Course Descriptions

Link: Current Undergraduate Courses                                                       Link: Current Undergraduate Catalog

Interested in English 318R with Brandon Sanderson? Learn more here. 

 Link: English 318R Application Download


Fall 2020


English 295-1: Writing Literary Criticism: Chaucer’s Canterbury Tales  (Miranda Wilcox)


English 295-2: Writing Literary Criticism: Reading and Critiquing Flannery O’Connor (Keith Lawrence)


English 295-3: Writing Literary Criticism: Yankton Sioux activist and intellectual, Gertrude Simmons Bonnin (Zitkala-Ša)  (Mike Taylor)

In this section of ENGL 295, students will have the unique opportunity to explore the diverse writings of early twentieth-century Yankton Sioux activist, author, and intellectual Gertrude Simmons Bonnin (Zitkala-Ša). In addition to analyzing current Bonnin scholarship, students will utilize the Bonnin archives housed in BYU’s Special Collections Library to learn how to navigate both critical secondary and primary sources effectively in ways that offer meaningful interventions in the contemporary field of Indigenous and American literary studies.


English 295-4: Writing Literary Criticism: Tim O’Brien’s The Things They Carried (Jamin Rowan)


English 295-5: Writing Literary Criticism: Austen’s Persuasion (Meridith Reed)

This class will be offered as a live remote course on MWF 1:00-1:50 pm.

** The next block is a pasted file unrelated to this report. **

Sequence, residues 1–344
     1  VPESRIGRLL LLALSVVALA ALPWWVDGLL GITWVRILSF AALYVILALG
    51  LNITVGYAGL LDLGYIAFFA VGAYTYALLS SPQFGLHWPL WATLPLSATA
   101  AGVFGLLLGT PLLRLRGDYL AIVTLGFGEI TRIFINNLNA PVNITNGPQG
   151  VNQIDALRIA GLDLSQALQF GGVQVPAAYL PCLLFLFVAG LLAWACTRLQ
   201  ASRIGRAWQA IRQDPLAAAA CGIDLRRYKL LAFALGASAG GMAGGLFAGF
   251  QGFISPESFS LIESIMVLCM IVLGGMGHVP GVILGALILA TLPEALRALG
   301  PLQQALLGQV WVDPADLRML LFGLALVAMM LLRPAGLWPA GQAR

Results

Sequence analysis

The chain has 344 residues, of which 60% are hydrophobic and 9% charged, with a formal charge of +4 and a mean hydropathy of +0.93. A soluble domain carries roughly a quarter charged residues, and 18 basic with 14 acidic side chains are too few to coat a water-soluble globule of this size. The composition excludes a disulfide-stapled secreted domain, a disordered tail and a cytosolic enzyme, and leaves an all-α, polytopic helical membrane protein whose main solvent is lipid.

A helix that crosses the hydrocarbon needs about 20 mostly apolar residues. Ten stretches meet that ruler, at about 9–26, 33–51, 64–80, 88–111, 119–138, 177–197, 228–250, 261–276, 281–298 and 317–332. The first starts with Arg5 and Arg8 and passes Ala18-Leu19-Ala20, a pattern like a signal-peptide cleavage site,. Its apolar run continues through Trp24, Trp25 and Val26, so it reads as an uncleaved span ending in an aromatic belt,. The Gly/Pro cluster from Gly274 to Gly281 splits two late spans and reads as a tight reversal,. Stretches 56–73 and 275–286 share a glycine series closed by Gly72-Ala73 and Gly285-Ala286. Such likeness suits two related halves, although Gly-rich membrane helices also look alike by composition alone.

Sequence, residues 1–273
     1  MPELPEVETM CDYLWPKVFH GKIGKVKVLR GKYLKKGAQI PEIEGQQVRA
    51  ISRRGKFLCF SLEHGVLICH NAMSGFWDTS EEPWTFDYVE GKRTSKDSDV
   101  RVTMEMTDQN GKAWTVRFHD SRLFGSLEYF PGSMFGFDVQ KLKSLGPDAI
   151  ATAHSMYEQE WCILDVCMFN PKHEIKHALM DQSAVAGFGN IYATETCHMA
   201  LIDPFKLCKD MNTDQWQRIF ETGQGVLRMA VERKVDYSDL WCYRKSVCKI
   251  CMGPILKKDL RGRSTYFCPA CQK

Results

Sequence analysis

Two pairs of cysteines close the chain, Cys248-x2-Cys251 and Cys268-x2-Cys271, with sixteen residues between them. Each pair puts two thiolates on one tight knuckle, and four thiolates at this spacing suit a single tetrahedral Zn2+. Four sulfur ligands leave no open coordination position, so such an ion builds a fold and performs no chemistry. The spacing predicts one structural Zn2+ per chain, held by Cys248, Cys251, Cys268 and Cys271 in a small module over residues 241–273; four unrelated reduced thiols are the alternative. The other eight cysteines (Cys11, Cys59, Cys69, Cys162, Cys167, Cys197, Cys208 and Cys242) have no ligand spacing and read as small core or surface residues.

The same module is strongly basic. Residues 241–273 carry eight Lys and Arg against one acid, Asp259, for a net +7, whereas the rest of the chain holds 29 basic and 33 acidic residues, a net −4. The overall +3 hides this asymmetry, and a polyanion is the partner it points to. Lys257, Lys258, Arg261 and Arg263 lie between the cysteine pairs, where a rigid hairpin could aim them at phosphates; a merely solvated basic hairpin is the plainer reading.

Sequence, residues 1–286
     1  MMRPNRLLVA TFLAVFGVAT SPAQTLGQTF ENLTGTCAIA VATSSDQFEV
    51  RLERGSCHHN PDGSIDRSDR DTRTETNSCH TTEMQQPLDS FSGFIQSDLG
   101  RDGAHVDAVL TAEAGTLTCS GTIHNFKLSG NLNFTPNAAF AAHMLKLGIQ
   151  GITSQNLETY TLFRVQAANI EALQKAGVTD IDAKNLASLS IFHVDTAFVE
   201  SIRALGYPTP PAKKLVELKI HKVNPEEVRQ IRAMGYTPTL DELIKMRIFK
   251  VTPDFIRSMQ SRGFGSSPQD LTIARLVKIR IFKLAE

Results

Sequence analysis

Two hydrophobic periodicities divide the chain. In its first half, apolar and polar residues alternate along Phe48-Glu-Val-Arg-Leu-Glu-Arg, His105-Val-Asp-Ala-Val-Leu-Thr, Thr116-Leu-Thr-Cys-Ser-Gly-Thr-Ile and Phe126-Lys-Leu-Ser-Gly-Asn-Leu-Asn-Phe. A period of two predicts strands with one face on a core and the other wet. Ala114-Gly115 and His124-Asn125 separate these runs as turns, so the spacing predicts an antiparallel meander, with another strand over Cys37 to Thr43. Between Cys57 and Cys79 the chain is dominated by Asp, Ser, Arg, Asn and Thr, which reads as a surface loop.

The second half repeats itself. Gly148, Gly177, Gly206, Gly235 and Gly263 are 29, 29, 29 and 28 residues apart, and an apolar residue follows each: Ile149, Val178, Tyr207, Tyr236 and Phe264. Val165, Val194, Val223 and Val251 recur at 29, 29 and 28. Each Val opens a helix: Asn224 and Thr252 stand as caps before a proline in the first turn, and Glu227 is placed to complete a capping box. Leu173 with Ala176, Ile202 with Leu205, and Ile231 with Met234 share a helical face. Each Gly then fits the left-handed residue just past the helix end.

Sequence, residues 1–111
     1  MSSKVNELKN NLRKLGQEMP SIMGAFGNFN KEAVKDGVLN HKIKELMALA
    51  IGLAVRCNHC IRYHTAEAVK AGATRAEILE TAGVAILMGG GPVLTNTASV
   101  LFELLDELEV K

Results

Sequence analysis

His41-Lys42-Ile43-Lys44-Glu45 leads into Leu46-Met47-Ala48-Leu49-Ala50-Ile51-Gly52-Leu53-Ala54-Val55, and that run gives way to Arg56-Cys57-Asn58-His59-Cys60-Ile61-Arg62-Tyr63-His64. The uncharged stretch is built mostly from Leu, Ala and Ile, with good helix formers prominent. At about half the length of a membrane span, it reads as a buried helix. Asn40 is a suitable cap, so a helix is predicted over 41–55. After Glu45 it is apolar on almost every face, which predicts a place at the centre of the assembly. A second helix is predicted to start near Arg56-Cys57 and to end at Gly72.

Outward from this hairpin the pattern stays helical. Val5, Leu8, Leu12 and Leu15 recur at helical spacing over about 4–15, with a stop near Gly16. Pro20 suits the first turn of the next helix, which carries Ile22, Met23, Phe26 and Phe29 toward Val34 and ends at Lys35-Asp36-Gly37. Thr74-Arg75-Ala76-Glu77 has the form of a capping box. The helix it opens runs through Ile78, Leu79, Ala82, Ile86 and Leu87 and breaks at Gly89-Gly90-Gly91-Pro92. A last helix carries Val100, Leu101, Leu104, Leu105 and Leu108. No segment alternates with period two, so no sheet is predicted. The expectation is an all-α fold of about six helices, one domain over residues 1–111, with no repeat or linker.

English 306-1: Travel Writing (John Bennion)

Students who take the course are also required to take Experience Design and Management 223 as the vehicle for their outdoor activity. Good writing comes from close observation, later meditated upon.  In Wilderness Writing students rock climb, rappel, hike, and backpack in the mountains or desert and then create personal narratives from their outdoor encounters. The class draws from the outdoor skills of Peter Ward, of the Experience Design and Management Department, and the creative writing skills of John Bennion, of the English Department. Students keep journals; read and discuss samples of professional natural history writing; generate personal narratives; and workshop each other’s writing.


English 318-1: Writing Fiction: The Novel


English 318-2: Writing Fiction: The Short Story (Steve Tuttle)


English 327-1: Studies in Rhetoric: Rhetoric and the Arts (Greg Clark)

The idea that “rhetoric” as communication intended to influence others operates in artistic (or aesthetic) expression as well as argumentation. The most practical attempt at persuasion relies on elements like story or image or rhythm to succeed, just as the most refined examples of literature and visual art and even music influence and persuades. Aristotle acknowledged this by connecting his Rhetoric and his Poetics, and much more recent thinkers about rhetoric and aesthetics have described both art and persuasion working this way. Through theory and modern examples, this course will explore how what we call rhetoric and art (broadly defined) work together to change our minds and hearts.


English 333-1: The British Novel  (Nick Mason)